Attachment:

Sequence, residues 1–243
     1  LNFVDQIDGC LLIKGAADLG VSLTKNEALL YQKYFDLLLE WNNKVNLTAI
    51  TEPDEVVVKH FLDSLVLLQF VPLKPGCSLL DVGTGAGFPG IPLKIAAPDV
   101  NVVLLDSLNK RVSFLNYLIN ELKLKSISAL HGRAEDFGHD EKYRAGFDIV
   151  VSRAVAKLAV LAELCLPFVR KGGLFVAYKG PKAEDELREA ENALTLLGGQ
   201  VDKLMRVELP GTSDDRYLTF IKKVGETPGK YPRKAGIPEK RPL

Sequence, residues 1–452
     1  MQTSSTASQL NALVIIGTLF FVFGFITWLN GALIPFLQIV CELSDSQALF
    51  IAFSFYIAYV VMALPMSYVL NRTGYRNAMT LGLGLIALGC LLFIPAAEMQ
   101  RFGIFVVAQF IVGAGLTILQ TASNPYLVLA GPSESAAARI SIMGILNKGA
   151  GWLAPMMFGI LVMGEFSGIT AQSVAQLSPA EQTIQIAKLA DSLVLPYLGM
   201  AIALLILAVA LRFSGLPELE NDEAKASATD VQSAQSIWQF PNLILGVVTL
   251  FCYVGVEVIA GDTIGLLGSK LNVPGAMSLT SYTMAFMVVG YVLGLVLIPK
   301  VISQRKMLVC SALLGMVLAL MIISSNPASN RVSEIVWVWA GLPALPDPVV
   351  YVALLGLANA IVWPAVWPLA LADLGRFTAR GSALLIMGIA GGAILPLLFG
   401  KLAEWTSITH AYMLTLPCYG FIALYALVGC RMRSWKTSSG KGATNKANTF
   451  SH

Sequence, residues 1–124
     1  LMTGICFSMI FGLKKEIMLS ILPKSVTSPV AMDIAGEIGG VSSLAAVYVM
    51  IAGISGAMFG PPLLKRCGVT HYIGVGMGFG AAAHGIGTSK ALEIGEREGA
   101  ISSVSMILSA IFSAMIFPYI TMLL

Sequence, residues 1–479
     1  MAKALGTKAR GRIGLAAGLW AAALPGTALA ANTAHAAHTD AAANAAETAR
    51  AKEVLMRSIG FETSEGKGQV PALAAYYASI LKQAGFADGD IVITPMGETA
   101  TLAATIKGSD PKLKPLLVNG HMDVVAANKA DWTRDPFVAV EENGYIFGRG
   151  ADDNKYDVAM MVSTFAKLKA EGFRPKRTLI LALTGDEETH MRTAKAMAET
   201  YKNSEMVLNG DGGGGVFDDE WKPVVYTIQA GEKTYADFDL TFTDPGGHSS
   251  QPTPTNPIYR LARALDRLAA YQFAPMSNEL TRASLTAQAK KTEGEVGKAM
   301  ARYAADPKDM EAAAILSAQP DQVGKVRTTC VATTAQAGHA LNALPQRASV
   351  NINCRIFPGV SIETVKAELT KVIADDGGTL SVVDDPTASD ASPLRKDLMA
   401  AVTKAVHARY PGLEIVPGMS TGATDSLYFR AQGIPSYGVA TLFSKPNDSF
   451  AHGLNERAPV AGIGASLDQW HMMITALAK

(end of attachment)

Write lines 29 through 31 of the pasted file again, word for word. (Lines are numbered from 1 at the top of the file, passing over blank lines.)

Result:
   301  ARYAADPKDM EAAAILSAQP DQVGKVRTTC VATTAQAGHA LNALPQRASV
   351  NINCRIFPGV SIETVKAELT KVIADDGGTL SVVDDPTASD ASPLRKDLMA
   401  AVTKAVHARY PGLEIVPGMS TGATDSLYFR AQGIPSYGVA TLFSKPNDSF